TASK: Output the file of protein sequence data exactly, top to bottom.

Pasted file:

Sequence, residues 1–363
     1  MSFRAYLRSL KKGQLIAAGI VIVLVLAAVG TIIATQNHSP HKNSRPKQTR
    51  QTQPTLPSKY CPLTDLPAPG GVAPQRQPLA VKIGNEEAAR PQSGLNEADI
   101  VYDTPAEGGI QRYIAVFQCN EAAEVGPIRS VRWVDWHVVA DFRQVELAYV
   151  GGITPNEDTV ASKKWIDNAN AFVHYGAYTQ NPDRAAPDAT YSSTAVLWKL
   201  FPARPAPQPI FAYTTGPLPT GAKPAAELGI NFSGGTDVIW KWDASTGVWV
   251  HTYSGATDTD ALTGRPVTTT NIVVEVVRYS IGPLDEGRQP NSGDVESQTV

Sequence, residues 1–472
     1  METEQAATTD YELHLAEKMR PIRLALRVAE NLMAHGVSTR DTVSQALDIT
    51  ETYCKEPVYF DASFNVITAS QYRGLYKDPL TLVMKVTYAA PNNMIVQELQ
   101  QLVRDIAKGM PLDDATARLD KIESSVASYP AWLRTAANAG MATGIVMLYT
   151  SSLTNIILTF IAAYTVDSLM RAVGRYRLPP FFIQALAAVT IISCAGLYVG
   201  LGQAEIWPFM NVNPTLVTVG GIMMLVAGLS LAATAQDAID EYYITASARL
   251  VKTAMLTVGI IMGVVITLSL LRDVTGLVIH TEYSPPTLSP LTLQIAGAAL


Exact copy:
Sequence, residues 1–363
     1  MSFRAYLRSL KKGQLIAAGI VIVLVLAAVG TIIATQNHSP HKNSRPKQTR
    51  QTQPTLPSKY CPLTDLPAPG GVAPQRQPLA VKIGNEEAAR PQSGLNEADI
   101  VYDTPAEGGI QRYIAVFQCN EAAEVGPIRS VRWVDWHVVA DFRQVELAYV
   151  GGITPNEDTV ASKKWIDNAN AFVHYGAYTQ NPDRAAPDAT YSSTAVLWKL
   201  FPARPAPQPI FAYTTGPLPT GAKPAAELGI NFSGGTDVIW KWDASTGVWV
   251  HTYSGATDTD ALTGRPVTTT NIVVEVVRYS IGPLDEGRQP NSGDVESQTV

Sequence, residues 1–472
     1  METEQAATTD YELHLAEKMR PIRLALRVAE NLMAHGVSTR DTVSQALDIT
    51  ETYCKEPVYF DASFNVITAS QYRGLYKDPL TLVMKVTYAA PNNMIVQELQ
   101  QLVRDIAKGM PLDDATARLD KIESSVASYP AWLRTAANAG MATGIVMLYT
   151  SSLTNIILTF IAAYTVDSLM RAVGRYRLPP FFIQALAAVT IISCAGLYVG
   201  LGQAEIWPFM NVNPTLVTVG GIMMLVAGLS LAATAQDAID EYYITASARL
   251  VKTAMLTVGI IMGVVITLSL LRDVTGLVIH TEYSPPTLSP LTLQIAGAAL